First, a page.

the government need? (2) freeze the assets of the mosque, and seize any
assets found to come from Iranian government sources? (3) for 2, does it
matter if the money comes directly from the government of Iran, or if the
money has been "washed" through a private Iranian Islamic organization known
to get all or most of its funding from the government of Iran? Obviously,
these issues could also arise if Iran was funding a Boy Scout troop. But I
wondered if there is something special about free exercise that calls for
extra caution, either prudentially or by constitutional *mandate*, with
regard to these questions. If media reports that Iran is in fact funding
Islamic institutions in the US (thereby encouraging them to adopt a strict
Islamic, and also anti-American line), then someone in the government is
apparently concerned about these issues, though it may just be PR of the US
government not wanting to be seen by the world as anti-Islamic. The reason I
originally phrased the question the way I did was I was thinking that
Congress, being less concerned than, say, the State Department, about
offending international sensibilities, might require the relevant government
agencies to treat funding of mosques by hostile foreign governments exactly
the same way it would treat funding of other institutions.
In a message dated 10/20/2001 9:20:23 PM Eastern Daylight Time,
maule at LAW.VILLANOVA.EDU writes:
> Some questions.
> First, what is an "American religious organization"? How does one apply
> such a definition to world-wide religions that consider themselves global.
> True, people (not necessarily those within denominations) refer to the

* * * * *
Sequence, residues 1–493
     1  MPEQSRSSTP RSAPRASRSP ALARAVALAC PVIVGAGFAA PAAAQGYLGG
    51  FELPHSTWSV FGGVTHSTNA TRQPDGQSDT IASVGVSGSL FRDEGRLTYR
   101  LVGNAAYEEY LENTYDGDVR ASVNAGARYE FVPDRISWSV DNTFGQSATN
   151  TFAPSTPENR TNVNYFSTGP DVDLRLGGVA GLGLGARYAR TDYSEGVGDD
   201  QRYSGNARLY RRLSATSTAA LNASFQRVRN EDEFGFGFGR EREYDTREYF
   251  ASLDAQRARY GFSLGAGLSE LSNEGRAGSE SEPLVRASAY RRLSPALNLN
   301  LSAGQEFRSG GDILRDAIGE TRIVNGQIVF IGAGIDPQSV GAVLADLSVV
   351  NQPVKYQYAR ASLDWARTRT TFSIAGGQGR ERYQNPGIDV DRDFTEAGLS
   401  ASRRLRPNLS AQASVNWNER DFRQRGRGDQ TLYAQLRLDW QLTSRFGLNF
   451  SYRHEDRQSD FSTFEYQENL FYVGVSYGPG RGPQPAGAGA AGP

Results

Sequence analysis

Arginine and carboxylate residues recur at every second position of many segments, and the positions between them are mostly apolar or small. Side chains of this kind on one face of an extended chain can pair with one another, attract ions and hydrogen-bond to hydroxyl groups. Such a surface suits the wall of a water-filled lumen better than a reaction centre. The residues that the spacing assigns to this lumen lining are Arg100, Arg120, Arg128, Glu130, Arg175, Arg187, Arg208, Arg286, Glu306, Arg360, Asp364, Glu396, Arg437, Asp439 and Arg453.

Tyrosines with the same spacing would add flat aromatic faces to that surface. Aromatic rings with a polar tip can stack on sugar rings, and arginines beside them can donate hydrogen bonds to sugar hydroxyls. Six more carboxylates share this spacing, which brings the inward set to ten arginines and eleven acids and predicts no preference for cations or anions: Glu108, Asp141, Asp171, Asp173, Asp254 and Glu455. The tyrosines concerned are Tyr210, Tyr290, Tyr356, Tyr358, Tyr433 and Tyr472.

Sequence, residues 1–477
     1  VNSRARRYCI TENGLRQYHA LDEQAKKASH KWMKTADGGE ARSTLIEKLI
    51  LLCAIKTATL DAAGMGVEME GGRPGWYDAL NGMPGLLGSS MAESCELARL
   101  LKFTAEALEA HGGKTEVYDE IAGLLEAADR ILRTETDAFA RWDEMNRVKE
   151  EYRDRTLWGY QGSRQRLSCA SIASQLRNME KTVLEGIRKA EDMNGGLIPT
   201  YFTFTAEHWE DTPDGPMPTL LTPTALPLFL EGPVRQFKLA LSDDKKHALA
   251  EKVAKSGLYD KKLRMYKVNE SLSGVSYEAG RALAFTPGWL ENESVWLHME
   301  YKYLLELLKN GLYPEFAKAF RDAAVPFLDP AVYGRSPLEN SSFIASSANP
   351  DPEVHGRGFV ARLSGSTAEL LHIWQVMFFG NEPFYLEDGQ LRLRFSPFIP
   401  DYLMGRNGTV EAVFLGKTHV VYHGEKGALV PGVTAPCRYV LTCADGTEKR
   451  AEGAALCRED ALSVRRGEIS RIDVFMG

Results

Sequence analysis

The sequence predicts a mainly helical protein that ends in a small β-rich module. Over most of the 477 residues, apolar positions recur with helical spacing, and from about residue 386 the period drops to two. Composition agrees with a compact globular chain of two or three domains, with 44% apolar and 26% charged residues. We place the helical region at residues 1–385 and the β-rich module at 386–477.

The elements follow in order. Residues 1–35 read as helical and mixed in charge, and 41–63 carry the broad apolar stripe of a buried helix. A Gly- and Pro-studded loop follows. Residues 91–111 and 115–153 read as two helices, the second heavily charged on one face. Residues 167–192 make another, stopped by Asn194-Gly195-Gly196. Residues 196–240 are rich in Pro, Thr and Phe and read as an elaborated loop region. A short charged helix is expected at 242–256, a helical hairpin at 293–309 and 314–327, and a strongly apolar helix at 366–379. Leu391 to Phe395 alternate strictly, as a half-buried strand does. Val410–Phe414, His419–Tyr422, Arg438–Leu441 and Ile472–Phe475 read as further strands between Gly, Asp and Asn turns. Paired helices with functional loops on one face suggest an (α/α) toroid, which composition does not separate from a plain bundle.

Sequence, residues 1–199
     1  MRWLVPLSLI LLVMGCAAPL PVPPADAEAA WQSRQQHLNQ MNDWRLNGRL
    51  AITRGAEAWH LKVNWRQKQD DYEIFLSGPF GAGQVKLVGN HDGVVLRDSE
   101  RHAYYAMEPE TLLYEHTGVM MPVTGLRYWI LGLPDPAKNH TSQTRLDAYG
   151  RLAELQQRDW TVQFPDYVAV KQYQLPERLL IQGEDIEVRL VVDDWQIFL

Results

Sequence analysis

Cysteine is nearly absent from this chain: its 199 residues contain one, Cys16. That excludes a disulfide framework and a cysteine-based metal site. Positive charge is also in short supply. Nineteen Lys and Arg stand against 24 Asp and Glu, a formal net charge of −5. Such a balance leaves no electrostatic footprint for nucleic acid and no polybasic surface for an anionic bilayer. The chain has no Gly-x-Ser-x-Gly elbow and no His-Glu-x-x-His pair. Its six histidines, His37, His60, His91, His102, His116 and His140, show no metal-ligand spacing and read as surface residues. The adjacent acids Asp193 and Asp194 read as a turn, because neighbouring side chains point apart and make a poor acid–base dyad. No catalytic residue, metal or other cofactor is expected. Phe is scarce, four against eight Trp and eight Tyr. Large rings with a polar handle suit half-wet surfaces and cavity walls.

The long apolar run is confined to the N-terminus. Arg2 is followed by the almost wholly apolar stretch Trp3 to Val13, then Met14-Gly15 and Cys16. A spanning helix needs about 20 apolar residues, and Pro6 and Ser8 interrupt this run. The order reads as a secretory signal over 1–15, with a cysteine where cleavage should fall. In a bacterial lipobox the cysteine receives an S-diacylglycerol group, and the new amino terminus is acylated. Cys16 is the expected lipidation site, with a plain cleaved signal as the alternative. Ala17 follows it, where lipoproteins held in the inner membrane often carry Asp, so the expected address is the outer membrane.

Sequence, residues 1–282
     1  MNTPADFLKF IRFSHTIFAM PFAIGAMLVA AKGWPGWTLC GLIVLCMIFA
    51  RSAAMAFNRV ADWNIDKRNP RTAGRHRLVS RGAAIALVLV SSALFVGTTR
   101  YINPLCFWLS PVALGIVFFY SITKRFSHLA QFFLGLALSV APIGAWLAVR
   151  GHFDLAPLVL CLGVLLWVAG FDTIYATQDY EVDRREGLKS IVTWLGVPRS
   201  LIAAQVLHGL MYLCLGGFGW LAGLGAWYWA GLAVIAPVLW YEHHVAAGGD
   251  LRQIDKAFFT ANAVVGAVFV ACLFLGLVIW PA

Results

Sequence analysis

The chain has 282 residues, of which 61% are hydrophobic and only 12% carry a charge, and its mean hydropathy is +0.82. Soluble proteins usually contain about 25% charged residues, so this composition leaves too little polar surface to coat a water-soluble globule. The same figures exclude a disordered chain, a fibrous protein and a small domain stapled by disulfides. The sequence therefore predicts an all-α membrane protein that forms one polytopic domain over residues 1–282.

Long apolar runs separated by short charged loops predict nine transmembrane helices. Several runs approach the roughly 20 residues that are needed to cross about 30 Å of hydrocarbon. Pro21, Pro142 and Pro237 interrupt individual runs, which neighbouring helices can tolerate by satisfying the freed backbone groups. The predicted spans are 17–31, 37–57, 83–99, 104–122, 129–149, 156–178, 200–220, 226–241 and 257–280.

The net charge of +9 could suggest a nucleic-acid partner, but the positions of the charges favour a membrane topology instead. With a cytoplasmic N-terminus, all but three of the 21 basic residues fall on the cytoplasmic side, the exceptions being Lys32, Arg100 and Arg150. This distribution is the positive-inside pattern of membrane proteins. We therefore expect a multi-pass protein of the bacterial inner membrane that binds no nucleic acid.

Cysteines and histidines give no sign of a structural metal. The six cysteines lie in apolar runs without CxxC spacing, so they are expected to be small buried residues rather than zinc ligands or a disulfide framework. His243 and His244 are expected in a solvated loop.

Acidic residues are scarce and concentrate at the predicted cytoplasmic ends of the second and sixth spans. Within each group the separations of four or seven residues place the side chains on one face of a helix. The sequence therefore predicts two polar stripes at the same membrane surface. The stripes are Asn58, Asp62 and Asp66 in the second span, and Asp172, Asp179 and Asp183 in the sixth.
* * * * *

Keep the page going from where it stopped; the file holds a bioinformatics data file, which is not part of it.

> "American" part or branch of religions, but other than those religions that
> have a separate American existence (e.g., Presbyterian Church of America,
> Presbyterian Church (USA)), would the test be whether there is a separate
> American-based legal structure?
> Second, what has been the resolution or reaction to this issue
> historically? For much of its history, the United States was (and in some
> instances is) "mission territory" for which some or much of the funding
> comes from other places. I'm not certain of the numbers but in the early
> and mid 19th century, funds flowed from European Catholics to American
> Catholics (and I'm not sure there was a separate structure for handling
> this). During the Know-Nothing tumults, was the same sort of question posed
> about restricting funding from abroad? I'm not sure.
> Third, is it necessary to narrow the focus to religious organizations? Is a
> social club or fraternal organization or athletic association any less of a
> risk, any less of a place where anti-American messages can be delivered
> (or, more importantly and certainly in another place constitutionally,
> anti-American plotting and actions can be undertaken)? So wouldn't the
> better approach be to bar foreign funding of anti-American plotting and
David E. Bernstein
George Mason University
School of Law
Home Page: http://mason.gmu.edu/~dbernste